Employment stats and claims have puzzled many in recent months. Government claimed variable numbers at different points in time, ranging between jobs created at 61,000 to 67,000 and so on. Much analysis has been provided of these claims and other numbers on this blog and many other, often divergent, often close-enough and so forth. All, however, points to the fact that jobs are being added in the economy and that at least some of the declines in unemployment rate are down to new positions being posted and filled.
Which raises a hugely surprising question: if private sectors jobs are being created, why is there such a huge surplus of unemployed applying for jobs in the private sector? Evidence of the latter is not systematic and not regular, but here is one snapshot: http://www.independent.ie/irish-news/news/28500-scramble-for-civil-service-jobs-at-11-an-hour-30444949.html
Note that the public sector jobs being rushed-at are not at the top or even the middle of pay & perks distribution. These are roughly EUR11/hour jobs, at the bottom of the career ladder and the recruits face the prospect of:
- Higher taxes,
- Lower non-wage benefits,
- Increased workloads (compared to the incumbents and past employees), and
- Prospect of slower career progressions (early retirements took out a large share of senior employees and their positions are being filled internally, without any prospect of younger recruits qualifying for them).
One answer is that for all the changes in employment stats we had over the recent months, we still have huge levels of unemployment and underemployment as the legacy of the crisis. On underemployment side, take the percentages of workers in working less than full-time hours as a share of total employment pool. In Q1 2008, 7.5% of all workers in employment worked less than 20 hours/week, in Q1 2014 the percentage was 8.1%. Over the same period of time, % of workers working 20-29 hours per week rose from 10.9% to 12.8%, percentage working 30-34 hours per week rose from 4.3% to 4.5%. Percentage of workers working more than 35 hours per week dropped from 66.4% to 61.9%. Counting in those working less than full-time hours and those on variable hours, 38.1% of our employment pool are not in full-time employment against 33.6% back in Q1 2008.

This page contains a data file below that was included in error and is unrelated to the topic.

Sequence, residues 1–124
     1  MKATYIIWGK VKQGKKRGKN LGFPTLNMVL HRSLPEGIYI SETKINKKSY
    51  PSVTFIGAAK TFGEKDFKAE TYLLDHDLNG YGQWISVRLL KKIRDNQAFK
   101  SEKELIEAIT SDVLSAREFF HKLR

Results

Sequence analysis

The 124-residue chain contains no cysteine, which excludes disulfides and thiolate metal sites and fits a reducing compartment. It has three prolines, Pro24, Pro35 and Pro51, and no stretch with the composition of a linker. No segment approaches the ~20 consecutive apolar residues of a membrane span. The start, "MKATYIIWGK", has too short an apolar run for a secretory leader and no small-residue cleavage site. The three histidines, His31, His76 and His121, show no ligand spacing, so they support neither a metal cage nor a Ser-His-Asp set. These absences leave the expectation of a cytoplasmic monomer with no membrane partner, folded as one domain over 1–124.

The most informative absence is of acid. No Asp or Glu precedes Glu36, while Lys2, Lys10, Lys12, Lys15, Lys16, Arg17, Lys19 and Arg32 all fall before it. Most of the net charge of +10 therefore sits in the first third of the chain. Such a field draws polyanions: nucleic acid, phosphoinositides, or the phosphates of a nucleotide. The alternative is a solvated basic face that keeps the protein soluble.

In Q1 2008, there were 113,600 individuals who considered themselves underemployed, in Q1 2014 the number was 258,100. And there are 46,500 more people who are working part-time and consider themselves underemployed today compared to Q3 2008 (earliest we have data for), while numbers of working-age adults not in the labour-force are still up 121,300 on Q1 2008.
And in the core age categories, applying for these jobs, the percentage of 15-24 year old unemployed relative to total population of that age group was 9.58% in Q1 2008. This stood at 25.31% in Q1 2014.
In other words, it is easy to forget that things are still very ugly when it comes to employment situation in Ireland.